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We have studied the large-scale beam breakup and filamentation of femtosecond pulses in a Kerr medium. We have experimentally monitored the formation of stable light filaments, conical emission, and interactions between filaments. Three major stages lead to the formation of stable light filaments: First the beam breaks up into a pattern of connected lines (constellation), then filaments form on the constellations, and finally the filaments release a fraction of their energy through conical emission. We observed a phase transition to a faster filamentation rate at the onset of conical emission. We attribute this to the interaction of conical emissions with the constellation which creates additional filaments. Numerical simulations show good agreement with the experimental results.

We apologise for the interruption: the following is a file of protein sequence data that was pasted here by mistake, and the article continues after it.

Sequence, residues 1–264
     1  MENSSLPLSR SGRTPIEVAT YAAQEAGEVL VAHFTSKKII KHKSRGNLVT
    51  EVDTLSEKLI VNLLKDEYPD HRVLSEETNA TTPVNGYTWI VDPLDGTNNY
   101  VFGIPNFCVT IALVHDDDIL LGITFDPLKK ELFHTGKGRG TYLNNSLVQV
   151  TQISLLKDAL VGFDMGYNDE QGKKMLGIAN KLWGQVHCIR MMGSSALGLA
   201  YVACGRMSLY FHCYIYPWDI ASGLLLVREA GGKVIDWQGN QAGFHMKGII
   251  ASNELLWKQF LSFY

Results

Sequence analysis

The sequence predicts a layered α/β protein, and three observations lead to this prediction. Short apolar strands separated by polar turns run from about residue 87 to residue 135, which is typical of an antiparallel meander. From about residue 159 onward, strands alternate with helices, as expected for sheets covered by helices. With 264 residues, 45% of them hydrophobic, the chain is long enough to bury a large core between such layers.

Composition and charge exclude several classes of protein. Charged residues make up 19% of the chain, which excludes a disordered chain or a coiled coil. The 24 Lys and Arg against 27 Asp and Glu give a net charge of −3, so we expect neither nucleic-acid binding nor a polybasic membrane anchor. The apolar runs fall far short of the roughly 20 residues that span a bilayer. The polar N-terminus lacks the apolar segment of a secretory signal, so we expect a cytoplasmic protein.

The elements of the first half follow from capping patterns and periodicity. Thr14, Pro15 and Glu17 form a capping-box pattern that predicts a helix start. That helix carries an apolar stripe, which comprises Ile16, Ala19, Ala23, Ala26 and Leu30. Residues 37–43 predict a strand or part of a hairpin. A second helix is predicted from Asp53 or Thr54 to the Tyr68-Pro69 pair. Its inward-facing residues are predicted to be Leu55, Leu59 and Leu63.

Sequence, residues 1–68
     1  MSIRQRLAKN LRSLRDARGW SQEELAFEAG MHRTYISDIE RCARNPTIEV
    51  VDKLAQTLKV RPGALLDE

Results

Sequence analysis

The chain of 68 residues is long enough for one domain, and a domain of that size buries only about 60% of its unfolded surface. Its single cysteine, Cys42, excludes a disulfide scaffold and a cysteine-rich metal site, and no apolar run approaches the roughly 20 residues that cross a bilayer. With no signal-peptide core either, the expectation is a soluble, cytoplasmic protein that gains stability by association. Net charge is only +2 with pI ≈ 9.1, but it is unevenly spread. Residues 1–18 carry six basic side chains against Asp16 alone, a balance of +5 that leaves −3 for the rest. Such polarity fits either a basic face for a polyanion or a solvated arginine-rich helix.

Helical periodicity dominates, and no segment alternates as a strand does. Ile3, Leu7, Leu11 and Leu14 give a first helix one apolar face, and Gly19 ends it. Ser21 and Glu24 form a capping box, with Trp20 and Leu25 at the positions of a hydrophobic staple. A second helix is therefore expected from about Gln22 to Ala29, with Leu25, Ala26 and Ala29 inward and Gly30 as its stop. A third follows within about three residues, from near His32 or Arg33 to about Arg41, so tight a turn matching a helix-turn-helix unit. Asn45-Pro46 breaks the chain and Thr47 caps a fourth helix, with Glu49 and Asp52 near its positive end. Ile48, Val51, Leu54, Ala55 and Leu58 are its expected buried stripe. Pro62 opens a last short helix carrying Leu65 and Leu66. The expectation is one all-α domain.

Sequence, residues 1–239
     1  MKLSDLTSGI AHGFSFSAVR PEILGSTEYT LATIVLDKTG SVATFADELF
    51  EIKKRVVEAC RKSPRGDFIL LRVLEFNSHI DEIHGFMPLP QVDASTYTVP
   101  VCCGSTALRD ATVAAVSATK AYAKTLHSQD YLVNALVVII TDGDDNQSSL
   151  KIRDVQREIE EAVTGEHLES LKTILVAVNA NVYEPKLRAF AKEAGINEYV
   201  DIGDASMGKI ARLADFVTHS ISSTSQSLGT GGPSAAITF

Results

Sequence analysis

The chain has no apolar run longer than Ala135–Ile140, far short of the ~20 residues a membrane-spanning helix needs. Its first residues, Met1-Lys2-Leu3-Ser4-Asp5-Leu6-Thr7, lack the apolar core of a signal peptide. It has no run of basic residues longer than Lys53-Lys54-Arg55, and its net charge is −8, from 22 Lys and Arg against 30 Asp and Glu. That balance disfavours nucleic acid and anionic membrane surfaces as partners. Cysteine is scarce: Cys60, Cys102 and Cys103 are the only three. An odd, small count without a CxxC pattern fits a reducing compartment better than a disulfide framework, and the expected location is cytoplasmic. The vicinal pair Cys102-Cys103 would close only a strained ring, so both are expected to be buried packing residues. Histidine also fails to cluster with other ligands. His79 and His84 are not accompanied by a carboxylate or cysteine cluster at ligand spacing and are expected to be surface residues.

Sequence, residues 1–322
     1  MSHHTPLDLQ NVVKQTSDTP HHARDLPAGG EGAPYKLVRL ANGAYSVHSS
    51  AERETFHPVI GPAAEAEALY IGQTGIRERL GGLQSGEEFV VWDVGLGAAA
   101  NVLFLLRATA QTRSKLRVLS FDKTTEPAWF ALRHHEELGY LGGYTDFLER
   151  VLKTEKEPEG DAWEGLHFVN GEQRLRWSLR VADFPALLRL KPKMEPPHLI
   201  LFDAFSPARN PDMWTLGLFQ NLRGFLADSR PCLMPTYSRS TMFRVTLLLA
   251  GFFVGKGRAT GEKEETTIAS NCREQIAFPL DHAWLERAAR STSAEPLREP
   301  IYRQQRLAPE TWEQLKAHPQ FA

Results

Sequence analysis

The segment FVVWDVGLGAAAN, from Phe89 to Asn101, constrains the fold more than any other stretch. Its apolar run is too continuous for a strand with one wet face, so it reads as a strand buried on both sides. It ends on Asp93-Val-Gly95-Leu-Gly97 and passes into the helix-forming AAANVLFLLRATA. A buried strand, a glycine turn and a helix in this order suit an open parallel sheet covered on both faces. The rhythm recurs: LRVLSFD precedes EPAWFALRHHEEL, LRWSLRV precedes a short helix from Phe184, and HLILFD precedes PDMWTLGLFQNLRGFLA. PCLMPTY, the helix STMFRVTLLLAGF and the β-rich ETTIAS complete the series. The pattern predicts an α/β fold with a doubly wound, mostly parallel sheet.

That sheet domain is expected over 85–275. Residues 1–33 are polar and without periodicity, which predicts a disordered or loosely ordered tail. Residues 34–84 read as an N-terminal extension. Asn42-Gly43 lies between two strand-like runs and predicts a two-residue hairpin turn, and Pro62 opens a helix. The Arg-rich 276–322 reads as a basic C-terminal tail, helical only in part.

Includes Erratum from PHYSICAL REVIEW A 74, 069902(E) (2006): We have found an error in this paper. In our calculation of the intensity threshold for breakdown in CS2 we erroneously used the ionization energy of molecular CS2 (10.08 eV). ...